5.3/10
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419 user 171 critic

The Stepford Wives (2004)

PG-13 | | Comedy, Horror, Sci-Fi | 11 June 2004 (USA)
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The secret to a Stepford wife lies behind the doors of the Men's Association of how women become different and immobilized robots.

Director:

Frank Oz

Writers:

Ira Levin (book), Paul Rudnick (screenplay)
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Popularity
4,275 ( 1,272)
3 wins. See more awards »

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Cast

Cast overview, first billed only:
Nicole Kidman ... Joanna Eberhart
Matthew Broderick ... Walter Kresby
Bette Midler ... Bobbie Markowitz
Glenn Close ... Claire Wellington
Christopher Walken ... Mike Wellington
Roger Bart ... Roger Bannister
David Marshall Grant ... Jerry Harmon
Jon Lovitz ... Dave Markowitz
Dylan Hartigan ... Pete Kresby
Fallon Brooking ... Kimberly Kresby
Faith Hill ... Sarah Sunderson
Matt Malloy ... Herb Sunderson
Kate Shindle ... Beth Peters
Tom Riis Farrell ... Stan Peters
Lorri Bagley ... Charmaine Van Sant
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Storyline

Joanna Eberhart, a wildly successful president of a TV Network, after a series of shocking events, suffers a nervous breakdown and is moved by her milquetoast of a husband, Walter, from Manhattan to the chic, upper-class, and very modern planned community of Stepford, Connecticut. Once there, she makes good friends with the acerbic Bobbie Markowitz, a Jewish writer who's also a recovering alcoholic. Together they find out, much to their growing stupor and-then horror, that all the housewives in town are strangely blissful and, somehow... doomed. What is going on behind the closed doors of the Stepford Men's Association and the Stepford Day Spa? Why is everything perfect here? Will it be too late for Joanna and Bobbie when they finally find out? Written by Miguel Cane <stepford@yahoo.com>

Plot Summary | Plot Synopsis

Taglines:

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Motion Picture Rating (MPAA)

Rated PG-13 for sexual content, thematic material and language | See all certifications »

Parents Guide:

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Details

Official Sites:

Paramount Pictures | UIP [Brazil] | See more »

Country:

USA

Language:

English

Release Date:

11 June 2004 (USA) See more »

Also Known As:

Las mujeres perfectas See more »

Filming Locations:

Greenwich, Connecticut, USA See more »

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Box Office

Budget:

$90,000,000 (estimated)

Opening Weekend USA:

$21,406,781, 13 June 2004, Wide Release

Gross USA:

$59,484,742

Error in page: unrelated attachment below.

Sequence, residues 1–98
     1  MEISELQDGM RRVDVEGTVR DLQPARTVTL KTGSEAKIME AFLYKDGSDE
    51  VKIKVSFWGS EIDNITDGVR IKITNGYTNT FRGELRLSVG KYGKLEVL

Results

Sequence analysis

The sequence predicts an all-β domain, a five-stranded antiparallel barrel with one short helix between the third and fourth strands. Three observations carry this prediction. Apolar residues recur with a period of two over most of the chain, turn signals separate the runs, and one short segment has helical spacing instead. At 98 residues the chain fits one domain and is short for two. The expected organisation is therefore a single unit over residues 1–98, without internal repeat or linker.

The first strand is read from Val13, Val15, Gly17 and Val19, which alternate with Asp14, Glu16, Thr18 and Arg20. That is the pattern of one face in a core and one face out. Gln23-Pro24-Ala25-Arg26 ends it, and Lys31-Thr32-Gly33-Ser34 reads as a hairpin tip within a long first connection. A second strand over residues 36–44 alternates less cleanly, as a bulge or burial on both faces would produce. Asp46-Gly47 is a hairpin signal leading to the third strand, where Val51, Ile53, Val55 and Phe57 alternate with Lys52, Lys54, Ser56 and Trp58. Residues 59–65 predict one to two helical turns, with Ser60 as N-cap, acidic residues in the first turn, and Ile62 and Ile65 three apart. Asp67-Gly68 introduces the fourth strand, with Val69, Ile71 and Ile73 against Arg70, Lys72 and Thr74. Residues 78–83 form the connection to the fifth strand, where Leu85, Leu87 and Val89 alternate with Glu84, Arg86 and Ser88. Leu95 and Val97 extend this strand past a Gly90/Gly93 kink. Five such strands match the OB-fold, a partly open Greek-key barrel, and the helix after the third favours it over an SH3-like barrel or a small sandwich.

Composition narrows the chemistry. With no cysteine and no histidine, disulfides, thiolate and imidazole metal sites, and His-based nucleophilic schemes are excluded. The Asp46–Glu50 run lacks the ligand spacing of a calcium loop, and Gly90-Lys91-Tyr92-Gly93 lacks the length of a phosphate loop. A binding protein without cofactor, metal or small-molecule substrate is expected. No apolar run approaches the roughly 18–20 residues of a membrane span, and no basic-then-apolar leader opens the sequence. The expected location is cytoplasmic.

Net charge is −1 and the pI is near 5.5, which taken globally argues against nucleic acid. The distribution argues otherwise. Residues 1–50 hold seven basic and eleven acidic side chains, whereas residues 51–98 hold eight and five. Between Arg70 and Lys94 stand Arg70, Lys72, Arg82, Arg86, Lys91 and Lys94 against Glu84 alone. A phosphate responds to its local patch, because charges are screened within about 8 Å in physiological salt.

Cumulative Worldwide Gross:

$102,001,626
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Company Credits

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Technical Specs

Runtime:

Sound Mix:

DTS | Dolby Digital

Color:

Color

Aspect Ratio:

1.85 : 1
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Did You Know?

Trivia

The location used for the rotunda of the Men's Club was the same one used in the original film. See more »

Goofs

When Claire drives Joanna through Stepford, her seat belt disappears and reappears between shots. See more »

Quotes

[first lines]
Helen Devlin: Ladies and gentlemen, I would now like to introduce a legend in our industry. She's the most successful president in the history of our network and for the past five years has kept us at the very top of the ratings.
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Crazy Credits

In the credits, Corning is credited with "cutlured stone" rather than "cultured stone". See more »

Connections

Referenced in RuPaul's Drag Race: Queens of Talk (2014) See more »

Soundtracks

The Billboard March
(1901)
Music by John Klohr
Performed by New Columbian Brass Band
Courtesy of Walking Frog Records
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User Reviews

 
fluff gone wild
10 January 2005 | by blanche-2See all my reviews

If you spent $10 for this movie, you would undoubtedly want 8.50 of it back. As it is, I spent $3.95 on movies on demand and felt cheated.

This is an extremely flimsy movie drenched in color with a fantastic cast that falls short of being either scary or funny. One certainly expects more - a lot more - from Paul Rudnick. There were a lot of missed opportunities here, due to the fact that the film couldn't figure out what it wanted to be.

Glenn Close is positively hilarious as the head matron, but most of the rest of this marvelous cast, including Nicole Kidman, Bette Midler, Christopher Walken, and Matthew Broderick are wasted. There are some very good moments, and the opening credits are brilliant. But ultimately it falls short.

And I mean short. As a screenwriter myself, I know that a script must be at least 90 pages. If this movie was 75 pages, I'll eat one of Glenn Close's gorgeous hats. Folks, don't rip off your audience like that. It's not good business.


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